Dunford adds that the North American average between exams is 27 months, which is longer than recommended, and sudden changes in vision can happen in a surprisingly short period of time.

“There are many types of vision problems,” she said. “Most people think of going blind, cataracts, or needing glasses, but there are many other harder to find problems.

“Vision problems are sometimes known as the ‘hidden disability’ where it’s estimated that 25 percent of juvenile delinquents have an undiagnosed vision problem, which results in a learning disability, which leads to trouble in school and eventually brushes with the law.”

Watters adds that most people will have a vision problem at some point in their life.

“A person may need eyeglasses or vision therapy to see correctly in school,” he said. “As we age, most people will need glasses to read, and many people have some type of eye disease in later years.”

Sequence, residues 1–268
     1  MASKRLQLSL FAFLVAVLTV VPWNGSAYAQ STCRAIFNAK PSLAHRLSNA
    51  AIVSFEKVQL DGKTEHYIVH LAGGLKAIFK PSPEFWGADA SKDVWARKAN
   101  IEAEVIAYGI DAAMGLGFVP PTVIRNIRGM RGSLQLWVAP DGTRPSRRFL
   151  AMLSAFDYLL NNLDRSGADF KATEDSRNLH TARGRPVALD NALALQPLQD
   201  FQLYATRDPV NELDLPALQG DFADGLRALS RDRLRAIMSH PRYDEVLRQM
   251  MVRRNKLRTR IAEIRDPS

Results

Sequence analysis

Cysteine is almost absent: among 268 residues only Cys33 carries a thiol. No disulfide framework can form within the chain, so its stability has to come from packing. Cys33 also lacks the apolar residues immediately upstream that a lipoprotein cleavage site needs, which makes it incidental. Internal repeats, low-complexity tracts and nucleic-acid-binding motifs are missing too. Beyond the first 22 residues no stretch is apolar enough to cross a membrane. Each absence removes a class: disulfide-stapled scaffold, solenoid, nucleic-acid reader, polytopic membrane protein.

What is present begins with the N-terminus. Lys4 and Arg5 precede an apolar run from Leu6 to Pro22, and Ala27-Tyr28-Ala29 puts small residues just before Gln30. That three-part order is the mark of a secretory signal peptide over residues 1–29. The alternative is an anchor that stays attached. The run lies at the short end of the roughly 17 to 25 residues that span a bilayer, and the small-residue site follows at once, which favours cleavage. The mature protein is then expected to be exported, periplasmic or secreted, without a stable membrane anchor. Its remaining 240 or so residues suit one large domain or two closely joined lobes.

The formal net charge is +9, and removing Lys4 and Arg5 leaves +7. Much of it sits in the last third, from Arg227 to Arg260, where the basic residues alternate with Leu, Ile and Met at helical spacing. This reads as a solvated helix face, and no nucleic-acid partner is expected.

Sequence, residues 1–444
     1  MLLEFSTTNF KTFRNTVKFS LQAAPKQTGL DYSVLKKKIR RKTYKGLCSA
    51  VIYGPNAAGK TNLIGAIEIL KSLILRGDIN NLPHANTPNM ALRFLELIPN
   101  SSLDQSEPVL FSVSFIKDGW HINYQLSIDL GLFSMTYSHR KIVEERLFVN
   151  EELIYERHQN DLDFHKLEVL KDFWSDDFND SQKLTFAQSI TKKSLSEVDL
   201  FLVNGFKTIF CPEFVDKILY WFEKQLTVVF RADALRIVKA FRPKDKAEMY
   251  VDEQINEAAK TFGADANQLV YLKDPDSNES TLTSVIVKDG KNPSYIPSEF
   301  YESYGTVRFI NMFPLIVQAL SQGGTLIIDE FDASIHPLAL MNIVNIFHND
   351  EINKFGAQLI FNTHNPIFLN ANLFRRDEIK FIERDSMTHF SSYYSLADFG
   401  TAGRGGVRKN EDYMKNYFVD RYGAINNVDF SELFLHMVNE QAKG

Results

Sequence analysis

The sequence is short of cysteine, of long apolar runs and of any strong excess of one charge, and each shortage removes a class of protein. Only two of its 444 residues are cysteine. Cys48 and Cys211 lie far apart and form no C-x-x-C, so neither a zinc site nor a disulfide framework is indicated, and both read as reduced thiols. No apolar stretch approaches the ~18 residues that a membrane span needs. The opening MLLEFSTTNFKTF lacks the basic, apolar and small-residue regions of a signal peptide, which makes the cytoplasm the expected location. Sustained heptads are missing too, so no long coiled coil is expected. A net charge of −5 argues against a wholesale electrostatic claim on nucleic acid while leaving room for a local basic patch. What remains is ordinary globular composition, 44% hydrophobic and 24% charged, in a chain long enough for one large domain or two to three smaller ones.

During a routine exam, optometrists check for things like refractive errors, which need to be corrected so a person can see distance or near. They also look for eye coordination problems, which would require vision therapy.

“The purpose of a comprehensive eye exam is to look at all aspects of eye health,” said Dunford. “Unfortunately, most people think it’s only about finding out if they need glasses or not, and if they do, what their prescription is.

“But, we check everything about the eye, including glaucoma, peripheral visual field loss, retinal health, eyelid and lash health, and the outside and inside of the eye.”

But, the news isn’t all bad.

“The earlier a vision problem is caught, the more options there are to treat and possibly reverse the disease,” said Dunford.